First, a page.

It features some of the most spectacular modern single-seat racing cars, the cleverest driver aids and fabulous competition, yet the British Hillclimb Championship remains an underrated gem.

The basic ethos of hillclimbing has changed little since it started in the early 20th century: to drive a car as fast as possible up a defined hill. Of course, the hills are now surfaced and mainly on private land rather than public gravel roads, where it all started over 115 years ago. However, closed public roads are still used for competition in Northern Ireland and the Channel Islands.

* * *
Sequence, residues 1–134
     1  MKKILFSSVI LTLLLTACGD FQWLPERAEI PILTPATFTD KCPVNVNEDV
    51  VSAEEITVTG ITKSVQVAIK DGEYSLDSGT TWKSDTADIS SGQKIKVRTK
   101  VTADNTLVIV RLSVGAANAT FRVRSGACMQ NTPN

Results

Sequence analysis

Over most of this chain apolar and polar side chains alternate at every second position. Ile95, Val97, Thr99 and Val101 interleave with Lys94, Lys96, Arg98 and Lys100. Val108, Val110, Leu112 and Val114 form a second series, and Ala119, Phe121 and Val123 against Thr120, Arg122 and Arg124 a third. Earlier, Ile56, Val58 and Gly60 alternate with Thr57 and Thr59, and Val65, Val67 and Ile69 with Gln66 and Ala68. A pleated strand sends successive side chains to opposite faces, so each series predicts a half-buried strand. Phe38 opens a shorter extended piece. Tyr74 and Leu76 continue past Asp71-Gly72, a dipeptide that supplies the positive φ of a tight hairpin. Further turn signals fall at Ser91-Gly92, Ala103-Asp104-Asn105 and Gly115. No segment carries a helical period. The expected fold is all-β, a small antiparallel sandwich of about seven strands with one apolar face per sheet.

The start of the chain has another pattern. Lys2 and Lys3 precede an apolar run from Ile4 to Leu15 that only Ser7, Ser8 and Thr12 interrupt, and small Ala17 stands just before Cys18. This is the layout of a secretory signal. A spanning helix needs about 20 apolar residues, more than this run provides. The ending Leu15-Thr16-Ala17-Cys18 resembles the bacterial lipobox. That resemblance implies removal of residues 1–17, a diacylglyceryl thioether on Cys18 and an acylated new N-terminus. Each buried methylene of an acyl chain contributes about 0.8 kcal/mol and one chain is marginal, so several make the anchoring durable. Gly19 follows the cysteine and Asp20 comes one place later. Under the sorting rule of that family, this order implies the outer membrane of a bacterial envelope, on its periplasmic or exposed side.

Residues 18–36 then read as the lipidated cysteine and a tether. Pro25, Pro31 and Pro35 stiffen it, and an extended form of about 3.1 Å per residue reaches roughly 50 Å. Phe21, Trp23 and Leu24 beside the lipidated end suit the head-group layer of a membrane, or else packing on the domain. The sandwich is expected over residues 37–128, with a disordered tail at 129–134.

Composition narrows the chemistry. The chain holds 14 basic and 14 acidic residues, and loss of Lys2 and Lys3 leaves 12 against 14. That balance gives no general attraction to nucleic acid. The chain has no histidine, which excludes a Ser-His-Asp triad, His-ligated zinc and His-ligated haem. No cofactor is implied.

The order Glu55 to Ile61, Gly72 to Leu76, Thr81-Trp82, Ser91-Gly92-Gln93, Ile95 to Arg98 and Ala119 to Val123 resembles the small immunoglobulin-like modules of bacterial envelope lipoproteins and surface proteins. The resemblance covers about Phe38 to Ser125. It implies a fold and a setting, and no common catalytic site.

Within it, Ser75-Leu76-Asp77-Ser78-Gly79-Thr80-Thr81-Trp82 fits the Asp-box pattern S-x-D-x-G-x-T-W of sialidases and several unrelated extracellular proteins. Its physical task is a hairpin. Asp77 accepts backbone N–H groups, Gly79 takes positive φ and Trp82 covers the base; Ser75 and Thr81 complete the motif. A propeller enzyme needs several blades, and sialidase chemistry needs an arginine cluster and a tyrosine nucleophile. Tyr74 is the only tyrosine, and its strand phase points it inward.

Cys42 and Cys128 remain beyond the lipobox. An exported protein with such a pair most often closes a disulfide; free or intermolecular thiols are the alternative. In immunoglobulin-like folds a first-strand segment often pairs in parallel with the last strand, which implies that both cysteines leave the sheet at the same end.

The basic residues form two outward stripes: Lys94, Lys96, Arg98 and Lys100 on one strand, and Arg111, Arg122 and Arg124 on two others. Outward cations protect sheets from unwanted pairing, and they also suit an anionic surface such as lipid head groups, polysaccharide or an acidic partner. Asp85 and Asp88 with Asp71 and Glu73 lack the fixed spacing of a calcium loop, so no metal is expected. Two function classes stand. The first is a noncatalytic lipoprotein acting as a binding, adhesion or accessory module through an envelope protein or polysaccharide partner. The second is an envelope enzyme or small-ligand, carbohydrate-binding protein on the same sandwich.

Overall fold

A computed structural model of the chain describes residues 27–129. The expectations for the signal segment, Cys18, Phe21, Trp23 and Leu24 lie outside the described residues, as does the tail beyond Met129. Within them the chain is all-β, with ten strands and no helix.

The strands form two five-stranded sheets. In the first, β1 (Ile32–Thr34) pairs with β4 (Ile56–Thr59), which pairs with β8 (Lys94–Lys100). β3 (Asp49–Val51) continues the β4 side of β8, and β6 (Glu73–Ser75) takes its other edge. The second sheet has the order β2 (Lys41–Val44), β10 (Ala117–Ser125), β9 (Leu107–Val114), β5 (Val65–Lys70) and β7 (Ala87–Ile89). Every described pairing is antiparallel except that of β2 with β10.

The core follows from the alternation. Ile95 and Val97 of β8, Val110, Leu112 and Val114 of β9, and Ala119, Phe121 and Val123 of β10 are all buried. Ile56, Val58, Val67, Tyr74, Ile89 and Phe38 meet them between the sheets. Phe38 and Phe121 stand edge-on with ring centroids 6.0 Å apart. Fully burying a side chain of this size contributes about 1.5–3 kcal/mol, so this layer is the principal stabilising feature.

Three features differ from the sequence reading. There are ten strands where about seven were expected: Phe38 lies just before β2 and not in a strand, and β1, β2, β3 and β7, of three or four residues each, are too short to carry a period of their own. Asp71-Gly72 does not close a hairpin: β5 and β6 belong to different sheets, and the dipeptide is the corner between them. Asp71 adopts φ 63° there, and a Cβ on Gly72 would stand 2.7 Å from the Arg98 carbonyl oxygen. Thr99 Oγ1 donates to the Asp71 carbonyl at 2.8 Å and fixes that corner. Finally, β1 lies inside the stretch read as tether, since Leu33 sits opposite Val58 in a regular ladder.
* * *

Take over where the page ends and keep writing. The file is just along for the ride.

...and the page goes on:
These days, state-of the-art hillclimb single-seaters are purpose-built projectiles rather than the recycled circuit racers that used to be the norm. They’re capable of reaching 60mph from a standing start in little more than two seconds and breaking 140mph on certain hills. Cars with in excess of 600bhp, launch control and traction control are at the front of the split-second action.

However, while Cosworth V8 Indycar engines are at the top of the game, an ever-increasing number of diminutive and ultra-light motorbike-engined cars are on the attack. And it all happens on ribbons of asphalt akin to a single-lane country road, with very little margin for error.